The fact is, this choice is 100% a toss up, and almost impossible without trying each to determine which you prefer. You would be happy and, most likely, none the wiser with either. What it comes down to is the preference in fuzz tone. Muffish vs. mammothish/brassish.
  9. I was in the same boat. Having to choose between those 2 pedals. I went with TAFM (pre-gate) and I'm not regretting it. I still want an Oxide, though and I will eventually get one.
  10. bludog


    Apr 3, 2012
    Brooklyn 11217
    ^This is the gentleman who made that Wonderlove demo w/ OC-2, TAFM & Polytope. If you've checked out Marc's stuff you'd probably agree that he's a good resource for this info.

    FWIW... I tend to agree with his input above. Good luck with your quest. Worth A/B'ing if you can aquire them relatively cheaply in the classifieds. I'd start with the TAFM, it's more versatile IMO.

    Also, if you want that big synthy bottom, you're probably going to need to add an octave pedal in front of it... OC-2 is my first choice.
  11. M Sterling

    M Sterling Gold Supporting Member

    Sep 23, 2010
    Pittsburgh, PA
    Agreed and fixed!!!

    Good luck OP!!!
  12. Floyd Eye

    Floyd Eye Banned

    Feb 21, 2010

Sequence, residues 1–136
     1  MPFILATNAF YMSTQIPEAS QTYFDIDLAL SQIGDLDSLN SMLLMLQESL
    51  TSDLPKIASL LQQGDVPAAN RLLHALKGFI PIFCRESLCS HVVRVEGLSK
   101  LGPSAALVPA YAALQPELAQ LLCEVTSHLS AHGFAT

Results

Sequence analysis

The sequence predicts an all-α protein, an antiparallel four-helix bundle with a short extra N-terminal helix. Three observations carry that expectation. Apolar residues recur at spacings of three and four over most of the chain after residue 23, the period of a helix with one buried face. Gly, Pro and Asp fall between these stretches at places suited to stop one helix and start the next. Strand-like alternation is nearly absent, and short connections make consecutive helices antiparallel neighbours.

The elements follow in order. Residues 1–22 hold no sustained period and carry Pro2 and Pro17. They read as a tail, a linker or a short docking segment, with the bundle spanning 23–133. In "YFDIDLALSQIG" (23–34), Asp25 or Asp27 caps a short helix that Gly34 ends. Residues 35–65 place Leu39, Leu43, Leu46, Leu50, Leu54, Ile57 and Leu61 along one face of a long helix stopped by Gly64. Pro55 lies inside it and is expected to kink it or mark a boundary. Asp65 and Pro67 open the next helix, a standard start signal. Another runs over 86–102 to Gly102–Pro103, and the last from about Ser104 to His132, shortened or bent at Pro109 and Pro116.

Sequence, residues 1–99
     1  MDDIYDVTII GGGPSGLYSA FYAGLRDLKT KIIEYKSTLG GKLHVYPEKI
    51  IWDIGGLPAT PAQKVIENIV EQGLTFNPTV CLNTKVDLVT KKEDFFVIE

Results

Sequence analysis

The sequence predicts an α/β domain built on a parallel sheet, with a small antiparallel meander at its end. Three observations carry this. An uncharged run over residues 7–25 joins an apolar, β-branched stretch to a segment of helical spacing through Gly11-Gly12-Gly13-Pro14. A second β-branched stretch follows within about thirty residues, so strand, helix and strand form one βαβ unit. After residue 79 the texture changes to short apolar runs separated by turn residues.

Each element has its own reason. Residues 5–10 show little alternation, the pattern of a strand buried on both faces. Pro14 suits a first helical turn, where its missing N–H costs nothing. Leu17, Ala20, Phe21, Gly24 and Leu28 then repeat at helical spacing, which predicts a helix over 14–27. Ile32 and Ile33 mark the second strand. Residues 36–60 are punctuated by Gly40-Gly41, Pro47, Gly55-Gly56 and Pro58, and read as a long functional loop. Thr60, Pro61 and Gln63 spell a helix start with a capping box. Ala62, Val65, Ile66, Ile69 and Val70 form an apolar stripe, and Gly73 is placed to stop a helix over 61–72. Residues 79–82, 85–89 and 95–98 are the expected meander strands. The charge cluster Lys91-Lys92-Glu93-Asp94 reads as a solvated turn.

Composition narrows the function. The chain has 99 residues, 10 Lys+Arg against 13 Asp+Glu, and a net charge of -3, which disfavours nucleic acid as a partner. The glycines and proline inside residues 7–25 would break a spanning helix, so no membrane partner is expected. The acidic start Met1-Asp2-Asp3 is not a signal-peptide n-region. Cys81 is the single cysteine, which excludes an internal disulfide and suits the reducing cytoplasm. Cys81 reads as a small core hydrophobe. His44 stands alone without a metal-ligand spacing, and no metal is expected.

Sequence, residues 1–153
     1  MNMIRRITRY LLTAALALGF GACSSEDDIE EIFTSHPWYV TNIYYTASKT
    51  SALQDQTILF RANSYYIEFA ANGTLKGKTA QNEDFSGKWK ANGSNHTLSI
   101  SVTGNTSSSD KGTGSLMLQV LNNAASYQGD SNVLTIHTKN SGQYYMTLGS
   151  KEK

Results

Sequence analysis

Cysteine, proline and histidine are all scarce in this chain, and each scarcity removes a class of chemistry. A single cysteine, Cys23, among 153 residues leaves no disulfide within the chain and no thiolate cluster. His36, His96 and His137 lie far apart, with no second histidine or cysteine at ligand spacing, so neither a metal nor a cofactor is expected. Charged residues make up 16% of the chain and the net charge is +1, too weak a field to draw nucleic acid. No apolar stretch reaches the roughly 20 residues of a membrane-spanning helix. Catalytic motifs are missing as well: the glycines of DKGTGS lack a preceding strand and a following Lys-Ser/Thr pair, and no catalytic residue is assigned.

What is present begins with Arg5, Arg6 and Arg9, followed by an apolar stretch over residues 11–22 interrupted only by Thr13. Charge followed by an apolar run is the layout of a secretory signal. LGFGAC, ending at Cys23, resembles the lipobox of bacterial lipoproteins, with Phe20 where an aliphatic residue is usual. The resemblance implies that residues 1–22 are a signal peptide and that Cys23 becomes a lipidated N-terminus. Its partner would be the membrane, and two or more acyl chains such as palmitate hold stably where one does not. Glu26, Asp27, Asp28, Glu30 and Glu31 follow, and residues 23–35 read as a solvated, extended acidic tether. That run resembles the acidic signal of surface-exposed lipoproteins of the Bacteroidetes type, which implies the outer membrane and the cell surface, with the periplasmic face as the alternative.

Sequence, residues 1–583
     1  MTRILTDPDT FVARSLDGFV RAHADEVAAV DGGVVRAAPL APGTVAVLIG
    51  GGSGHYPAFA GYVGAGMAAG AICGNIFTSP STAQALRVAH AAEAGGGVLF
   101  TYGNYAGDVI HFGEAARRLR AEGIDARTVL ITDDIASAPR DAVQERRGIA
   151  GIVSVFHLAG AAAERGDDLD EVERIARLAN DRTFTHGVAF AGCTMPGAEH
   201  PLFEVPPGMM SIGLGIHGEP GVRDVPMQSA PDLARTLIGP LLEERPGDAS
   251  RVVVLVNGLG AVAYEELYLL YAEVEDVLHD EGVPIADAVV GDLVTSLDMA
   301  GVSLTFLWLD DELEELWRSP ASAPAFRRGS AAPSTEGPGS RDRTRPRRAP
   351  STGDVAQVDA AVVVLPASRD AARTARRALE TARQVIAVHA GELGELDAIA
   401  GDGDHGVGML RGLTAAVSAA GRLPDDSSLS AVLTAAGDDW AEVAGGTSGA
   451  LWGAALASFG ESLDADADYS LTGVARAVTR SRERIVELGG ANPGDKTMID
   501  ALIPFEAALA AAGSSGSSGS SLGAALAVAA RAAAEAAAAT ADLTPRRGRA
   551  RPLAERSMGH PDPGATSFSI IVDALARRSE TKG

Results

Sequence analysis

St. Louis
    My TAFM has a gate mod. I can't speak for the Oxide, but I love my TAFM.
    Dilbert likes this.
  13. melodiaopus

    melodiaopus Supporting Member

    Feb 9, 2007
    Austin, TX
    Thanks for all input you guys. I bought a EHX POG to get me the octave effect. From what I have read of the reviews the POG has the best tracking possible right now. The OC-2 does not track well or at 5th fret (A) on the E-String. From what I have seen on YouTube the POG tracks like a beast.

    Though I don't have any personal experience with either. So, we'll see.
  14. sunbeast

    sunbeast Supporting Member

    Jul 19, 2006
    Los Angeles, CA
    The OC-2 isn't really known for its tracking, but its tone can't really be beat for thick synthy lines (and how often do you need to hit a note below a low A?). The POG series definitely track better than an analog octave, but comparatively I find the tone to be kinda thin and metallic- more like a digital organ than a synth. The Copilot Cubic is another octave in the same tonal universe of the OC-2, but capable of even more fatness and has a built in fuzz/drive section that sounds great for fat synthy lines even without an additional fuzz or filter.